Originally Posted by Questions and Comments View Post
... Retired ?
Yes, I am.

I have been retired on pension 18 years, so far.



Quote:
... When working, could you have saved 10% of your gross income MOST years you worked?
Yes, we did.

When I was courting my bride, we decided as a team to focus our efforts on retiring as young as possible. So that was our goal, and 20 years later we accomplished it.

I got my pension at 42, and we were able to retire that year.

It is possible.
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Old 08-02-2019, 11:12 AM
 
Location: Middle of the ocean
32,001 posts, read 20,179,833 times
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Quote:
Originally Posted by ReachTheBeach View Post
When you said that other people weren't your problem in another comment that did not mention the system at all, I mentioned empathy. You asked a side question and got a "side answer".
Other people who have lots of money weren't "my problem" (not my words). So empathy from me? from the rich? Again, what you are saying makes no sense to me.
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Old 08-02-2019, 11:21 AM
 
Location: North East
67 posts, read 15,584 times
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Quote:
Originally Posted by ReachTheBeach View Post
Not everyone can ante up. It isn't a fair system right now. There is a lot of hogwash about how anyone can advance if only they try harder, ignoring the mathematical impossibility what mathematical impossibility of everyone doing that. Meanwhile, the majority of the wealth resides with a small percentage of the populationhow it has always been through history?. I don't want it redistributed evenly; I think capitalism can work and that you should be able to make a lot more than someone who doesn't work as hard, save and invest. But the people on the lower rungs are currently not making enough to have a reasonable quality of life and retire without assistancewhen have the lower rungs been given a good life?. The people who scream the loudest about how unfair it is to ask them to help fund those less fortunate tend to be the small percentage who has the most wealth.
No, not everyone can ante up. I am talking about healthy civilians here. I've spent time in third world nations. Want to know about unfair? Go to Haiti. No, life certainly is not fair. In this country if you are healthy you can earn a living, and if you are smart enough to put money aside, say 10% you will have something in retirement. No, it may not be$6000/month. But there will be something there. I know some immigrant families, some legal, and some not so legal. My point is, they are working their tails off to better their families, and get ahead. They are doing it. There is still a lot of opportunities in this country for those willing to go for it.
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Old 08-02-2019, 11:50 AM
 
Location: NYC
2,963 posts, read 1,613,620 times
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I was pretty nonchalant when I began working in 1981, approx $10K/yr, only incremental raises through job changes & emptying my pension savings each move. By 1987 I began to put a bit aside for retirement but by 1990 my life hit a major crisis & I lost everything & just survived, "treading water" financially & putting most expenses on a credit card & paying the minimum because income was scarce until I finally got back on track 1994.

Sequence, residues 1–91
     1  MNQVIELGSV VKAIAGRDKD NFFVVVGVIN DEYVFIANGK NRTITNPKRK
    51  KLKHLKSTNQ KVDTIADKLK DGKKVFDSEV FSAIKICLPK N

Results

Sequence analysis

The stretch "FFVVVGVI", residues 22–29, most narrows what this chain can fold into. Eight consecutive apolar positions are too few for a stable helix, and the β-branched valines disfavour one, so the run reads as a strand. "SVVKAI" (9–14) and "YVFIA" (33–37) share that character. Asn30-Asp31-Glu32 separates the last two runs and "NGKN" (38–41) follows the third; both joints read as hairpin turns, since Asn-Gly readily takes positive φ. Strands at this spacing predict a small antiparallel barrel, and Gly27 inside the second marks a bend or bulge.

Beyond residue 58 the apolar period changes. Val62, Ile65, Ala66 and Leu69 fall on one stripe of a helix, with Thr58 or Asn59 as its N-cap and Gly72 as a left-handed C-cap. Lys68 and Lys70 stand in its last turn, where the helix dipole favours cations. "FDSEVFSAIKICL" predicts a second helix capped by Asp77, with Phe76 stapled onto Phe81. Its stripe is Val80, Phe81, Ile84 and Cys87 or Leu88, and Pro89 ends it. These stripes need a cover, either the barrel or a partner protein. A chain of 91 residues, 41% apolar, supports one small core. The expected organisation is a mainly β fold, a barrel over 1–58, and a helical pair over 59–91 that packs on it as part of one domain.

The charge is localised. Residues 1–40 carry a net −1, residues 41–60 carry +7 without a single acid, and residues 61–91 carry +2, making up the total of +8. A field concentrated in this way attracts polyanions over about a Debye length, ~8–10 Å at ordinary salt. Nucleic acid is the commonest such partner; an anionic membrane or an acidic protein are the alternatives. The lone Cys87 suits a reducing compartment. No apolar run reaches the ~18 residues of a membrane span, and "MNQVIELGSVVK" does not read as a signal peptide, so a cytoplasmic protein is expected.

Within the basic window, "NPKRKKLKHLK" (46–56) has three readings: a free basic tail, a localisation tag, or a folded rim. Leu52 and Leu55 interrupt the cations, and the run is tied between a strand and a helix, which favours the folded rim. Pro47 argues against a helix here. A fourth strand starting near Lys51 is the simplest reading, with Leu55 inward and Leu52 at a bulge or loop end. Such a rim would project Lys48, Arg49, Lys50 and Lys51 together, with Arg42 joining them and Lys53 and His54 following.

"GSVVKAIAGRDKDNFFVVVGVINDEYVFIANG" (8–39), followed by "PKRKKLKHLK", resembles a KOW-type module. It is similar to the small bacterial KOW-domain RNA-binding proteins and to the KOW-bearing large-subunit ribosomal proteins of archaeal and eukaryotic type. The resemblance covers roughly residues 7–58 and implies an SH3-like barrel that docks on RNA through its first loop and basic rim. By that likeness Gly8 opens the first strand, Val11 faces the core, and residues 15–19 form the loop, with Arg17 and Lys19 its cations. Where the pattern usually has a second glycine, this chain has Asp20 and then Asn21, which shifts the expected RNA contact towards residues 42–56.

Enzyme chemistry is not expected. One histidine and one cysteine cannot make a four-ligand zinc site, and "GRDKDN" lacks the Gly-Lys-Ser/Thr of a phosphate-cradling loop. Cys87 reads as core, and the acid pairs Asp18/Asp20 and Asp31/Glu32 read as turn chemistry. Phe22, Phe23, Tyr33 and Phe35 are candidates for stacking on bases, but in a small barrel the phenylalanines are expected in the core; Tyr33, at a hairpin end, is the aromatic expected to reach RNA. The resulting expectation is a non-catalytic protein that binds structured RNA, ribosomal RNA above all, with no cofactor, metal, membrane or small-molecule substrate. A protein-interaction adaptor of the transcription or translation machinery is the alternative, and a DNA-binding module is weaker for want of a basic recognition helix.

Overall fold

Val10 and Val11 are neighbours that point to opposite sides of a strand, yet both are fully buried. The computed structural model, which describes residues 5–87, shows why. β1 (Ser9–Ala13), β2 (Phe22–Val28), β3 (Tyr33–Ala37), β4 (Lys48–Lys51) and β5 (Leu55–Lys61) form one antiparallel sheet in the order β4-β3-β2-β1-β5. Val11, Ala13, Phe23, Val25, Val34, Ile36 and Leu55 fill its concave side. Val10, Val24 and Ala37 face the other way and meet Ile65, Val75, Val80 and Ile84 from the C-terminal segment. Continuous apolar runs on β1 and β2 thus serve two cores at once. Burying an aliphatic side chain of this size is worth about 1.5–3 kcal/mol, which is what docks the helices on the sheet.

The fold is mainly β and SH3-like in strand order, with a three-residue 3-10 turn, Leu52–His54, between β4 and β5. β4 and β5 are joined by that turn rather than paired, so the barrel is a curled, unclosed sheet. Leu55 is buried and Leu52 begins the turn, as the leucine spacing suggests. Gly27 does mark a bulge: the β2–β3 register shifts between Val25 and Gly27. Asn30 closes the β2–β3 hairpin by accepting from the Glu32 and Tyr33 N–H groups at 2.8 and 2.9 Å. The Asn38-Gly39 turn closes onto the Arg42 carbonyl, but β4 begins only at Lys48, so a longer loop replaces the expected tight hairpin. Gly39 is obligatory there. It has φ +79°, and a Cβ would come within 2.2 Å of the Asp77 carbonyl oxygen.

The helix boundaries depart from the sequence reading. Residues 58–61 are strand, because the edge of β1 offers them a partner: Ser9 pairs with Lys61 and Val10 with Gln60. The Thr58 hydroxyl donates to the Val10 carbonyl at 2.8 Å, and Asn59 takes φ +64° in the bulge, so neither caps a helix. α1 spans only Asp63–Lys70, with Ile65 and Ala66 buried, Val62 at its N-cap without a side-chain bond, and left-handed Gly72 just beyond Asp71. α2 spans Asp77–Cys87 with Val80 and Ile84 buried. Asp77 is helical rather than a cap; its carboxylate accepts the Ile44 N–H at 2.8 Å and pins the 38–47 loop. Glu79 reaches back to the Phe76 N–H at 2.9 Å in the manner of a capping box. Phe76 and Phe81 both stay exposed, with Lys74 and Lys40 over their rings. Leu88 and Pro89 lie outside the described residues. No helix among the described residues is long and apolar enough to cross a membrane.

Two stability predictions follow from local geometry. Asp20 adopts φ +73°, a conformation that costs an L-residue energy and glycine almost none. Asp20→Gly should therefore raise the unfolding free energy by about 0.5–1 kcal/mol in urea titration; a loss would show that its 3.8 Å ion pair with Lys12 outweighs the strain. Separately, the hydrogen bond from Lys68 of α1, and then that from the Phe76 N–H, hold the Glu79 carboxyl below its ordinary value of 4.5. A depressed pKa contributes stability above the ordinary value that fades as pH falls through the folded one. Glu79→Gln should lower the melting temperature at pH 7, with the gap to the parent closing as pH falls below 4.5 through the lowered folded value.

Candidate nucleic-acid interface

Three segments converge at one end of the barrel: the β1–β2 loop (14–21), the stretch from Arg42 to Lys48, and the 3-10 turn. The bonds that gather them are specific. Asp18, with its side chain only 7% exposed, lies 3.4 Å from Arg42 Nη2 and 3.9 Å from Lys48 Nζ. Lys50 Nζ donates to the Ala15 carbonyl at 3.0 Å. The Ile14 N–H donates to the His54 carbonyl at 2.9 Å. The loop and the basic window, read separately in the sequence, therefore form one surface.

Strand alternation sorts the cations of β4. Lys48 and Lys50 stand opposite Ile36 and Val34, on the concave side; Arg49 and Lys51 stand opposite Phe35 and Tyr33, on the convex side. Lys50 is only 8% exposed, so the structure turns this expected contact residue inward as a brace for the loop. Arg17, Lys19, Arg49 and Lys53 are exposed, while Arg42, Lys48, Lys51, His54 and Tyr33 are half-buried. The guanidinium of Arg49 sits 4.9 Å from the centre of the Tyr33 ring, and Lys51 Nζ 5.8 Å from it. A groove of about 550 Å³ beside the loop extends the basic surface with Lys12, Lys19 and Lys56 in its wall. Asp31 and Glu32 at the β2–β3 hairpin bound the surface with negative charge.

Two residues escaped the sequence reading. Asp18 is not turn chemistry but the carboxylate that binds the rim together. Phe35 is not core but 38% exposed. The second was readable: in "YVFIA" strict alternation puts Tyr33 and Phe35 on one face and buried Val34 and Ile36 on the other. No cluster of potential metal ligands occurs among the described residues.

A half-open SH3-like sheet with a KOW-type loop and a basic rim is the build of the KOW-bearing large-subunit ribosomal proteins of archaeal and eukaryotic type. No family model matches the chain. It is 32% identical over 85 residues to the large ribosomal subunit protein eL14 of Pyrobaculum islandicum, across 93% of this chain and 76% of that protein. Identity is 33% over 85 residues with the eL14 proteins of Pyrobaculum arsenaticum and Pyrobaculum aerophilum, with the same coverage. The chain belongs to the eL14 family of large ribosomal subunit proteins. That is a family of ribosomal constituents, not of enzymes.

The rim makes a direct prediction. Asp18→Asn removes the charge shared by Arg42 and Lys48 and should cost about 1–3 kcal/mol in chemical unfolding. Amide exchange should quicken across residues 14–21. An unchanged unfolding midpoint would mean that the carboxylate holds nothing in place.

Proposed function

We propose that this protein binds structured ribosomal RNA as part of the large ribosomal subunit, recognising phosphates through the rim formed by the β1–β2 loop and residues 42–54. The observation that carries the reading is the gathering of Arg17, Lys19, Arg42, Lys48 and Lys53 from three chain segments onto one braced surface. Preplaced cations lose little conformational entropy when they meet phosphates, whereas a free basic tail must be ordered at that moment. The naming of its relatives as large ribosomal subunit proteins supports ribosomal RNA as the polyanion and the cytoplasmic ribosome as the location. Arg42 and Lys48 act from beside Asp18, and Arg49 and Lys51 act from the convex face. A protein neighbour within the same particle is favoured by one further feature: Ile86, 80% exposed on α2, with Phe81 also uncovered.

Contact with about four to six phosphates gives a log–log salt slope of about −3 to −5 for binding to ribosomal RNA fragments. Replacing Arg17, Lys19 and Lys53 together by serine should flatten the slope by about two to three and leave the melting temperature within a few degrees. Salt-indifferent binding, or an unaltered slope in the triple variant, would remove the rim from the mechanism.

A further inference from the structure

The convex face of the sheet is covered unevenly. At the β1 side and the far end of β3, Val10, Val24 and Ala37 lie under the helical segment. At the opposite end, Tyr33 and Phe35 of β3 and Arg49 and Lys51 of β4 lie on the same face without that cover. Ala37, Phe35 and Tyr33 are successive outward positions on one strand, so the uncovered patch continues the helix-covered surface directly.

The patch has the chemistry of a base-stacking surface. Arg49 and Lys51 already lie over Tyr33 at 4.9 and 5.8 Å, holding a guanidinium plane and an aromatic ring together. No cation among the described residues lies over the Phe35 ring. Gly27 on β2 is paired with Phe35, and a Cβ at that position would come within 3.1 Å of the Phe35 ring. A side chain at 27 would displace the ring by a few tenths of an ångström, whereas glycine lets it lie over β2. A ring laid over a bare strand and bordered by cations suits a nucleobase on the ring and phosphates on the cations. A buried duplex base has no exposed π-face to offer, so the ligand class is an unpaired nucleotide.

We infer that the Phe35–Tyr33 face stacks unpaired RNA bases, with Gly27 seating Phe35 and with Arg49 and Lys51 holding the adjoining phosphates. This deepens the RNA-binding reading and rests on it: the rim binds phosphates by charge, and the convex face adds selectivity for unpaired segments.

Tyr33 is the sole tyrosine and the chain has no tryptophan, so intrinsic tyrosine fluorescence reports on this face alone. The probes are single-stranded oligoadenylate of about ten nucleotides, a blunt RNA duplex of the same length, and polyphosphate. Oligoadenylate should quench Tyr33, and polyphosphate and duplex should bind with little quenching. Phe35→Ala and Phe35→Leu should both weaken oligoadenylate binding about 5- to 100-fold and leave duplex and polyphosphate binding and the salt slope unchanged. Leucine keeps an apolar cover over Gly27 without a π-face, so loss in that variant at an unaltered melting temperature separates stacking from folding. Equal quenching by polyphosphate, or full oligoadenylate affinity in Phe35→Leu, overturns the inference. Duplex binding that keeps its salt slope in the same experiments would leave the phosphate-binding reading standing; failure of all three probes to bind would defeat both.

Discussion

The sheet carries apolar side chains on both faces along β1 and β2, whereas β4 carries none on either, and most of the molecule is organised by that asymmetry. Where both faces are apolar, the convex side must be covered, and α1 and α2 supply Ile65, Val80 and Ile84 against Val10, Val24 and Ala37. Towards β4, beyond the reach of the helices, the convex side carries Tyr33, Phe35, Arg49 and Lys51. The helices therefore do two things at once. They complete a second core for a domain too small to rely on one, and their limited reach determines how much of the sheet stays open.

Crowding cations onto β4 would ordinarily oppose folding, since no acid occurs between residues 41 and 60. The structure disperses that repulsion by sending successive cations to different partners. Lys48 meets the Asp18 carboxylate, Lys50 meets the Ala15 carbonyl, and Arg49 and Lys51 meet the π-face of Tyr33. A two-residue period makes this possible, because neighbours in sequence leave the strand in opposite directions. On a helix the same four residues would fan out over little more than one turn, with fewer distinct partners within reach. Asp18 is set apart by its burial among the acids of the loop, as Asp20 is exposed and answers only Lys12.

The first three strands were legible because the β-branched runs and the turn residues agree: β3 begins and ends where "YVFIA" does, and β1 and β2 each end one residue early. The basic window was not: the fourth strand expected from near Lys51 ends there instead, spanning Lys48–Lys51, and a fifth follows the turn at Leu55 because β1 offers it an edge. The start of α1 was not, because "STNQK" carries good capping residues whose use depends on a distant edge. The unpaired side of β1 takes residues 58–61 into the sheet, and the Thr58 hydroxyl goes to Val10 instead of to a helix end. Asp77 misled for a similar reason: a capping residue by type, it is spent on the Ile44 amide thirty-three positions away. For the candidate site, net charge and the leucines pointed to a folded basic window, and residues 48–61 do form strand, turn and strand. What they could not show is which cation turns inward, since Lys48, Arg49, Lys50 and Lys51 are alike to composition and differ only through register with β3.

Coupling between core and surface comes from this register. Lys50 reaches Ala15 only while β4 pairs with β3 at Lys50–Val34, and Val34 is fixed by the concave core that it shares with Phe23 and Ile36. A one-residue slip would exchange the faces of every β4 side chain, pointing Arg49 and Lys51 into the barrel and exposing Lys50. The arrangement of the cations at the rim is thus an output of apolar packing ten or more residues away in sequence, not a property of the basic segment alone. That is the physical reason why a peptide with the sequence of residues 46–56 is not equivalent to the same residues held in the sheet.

I was then 42yo & started over from zero & saved the max allowed in my 401k + IRA & learned a bit about investing & put more $$$ in stocks & funds. I lived below my means for 20 years & by the last few years I was putting 20% or more of my gross into mutual funds including during 2007 - 2010.

I was able to retire by 2015 @ 63 by investing a lot & living below my means. I was lucky in that I had a good job, not fabulous but solid middle income, & I didn't have a major health issue at any time. I worked my butt off, many 7 day weeks, many long days, I never refused any overtime, mostly bought used furniture & took public transportation - easy here.

So out of 30+ years I saved 10% or more for 20 years.
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Old 08-02-2019, 11:59 AM
 
6,855 posts, read 3,826,518 times
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Quote:
Originally Posted by homestead123 View Post
.
Bracing for the flames. But ultimately it's a choice, whether you choose to decide or not. That's what is known as pay yourself first.
It's well known that Americans don't save what they should or could. Generally. But MANY really have little hope of doing that until decades later, after a lot of raises and the kids are grown. Women are the ones who are at the bottom, usually. They get the least preparation and training for life, are charged with the responsibility of kids, and are still underpaid (although it's better now than when I was young).

But criticizing others for not saving more is easy, since everyone can be criticized for not saving as much as they could. Even you.

But you should probably lay off criticizing those who make the least among us. Of all the citizens, they are the ones who are least to blame for the lack of health care and retirement safety of those at the bottom. There are plenty of people who work darn hard at the bottom, but can't save for retirement.

Health care costs have a lot to do with this, yet I bet most who are critical of those at the bottom are not in favor of programs for all citizens to get access to basic health care.

Last edited by bpollen; 08-02-2019 at 12:08 PM..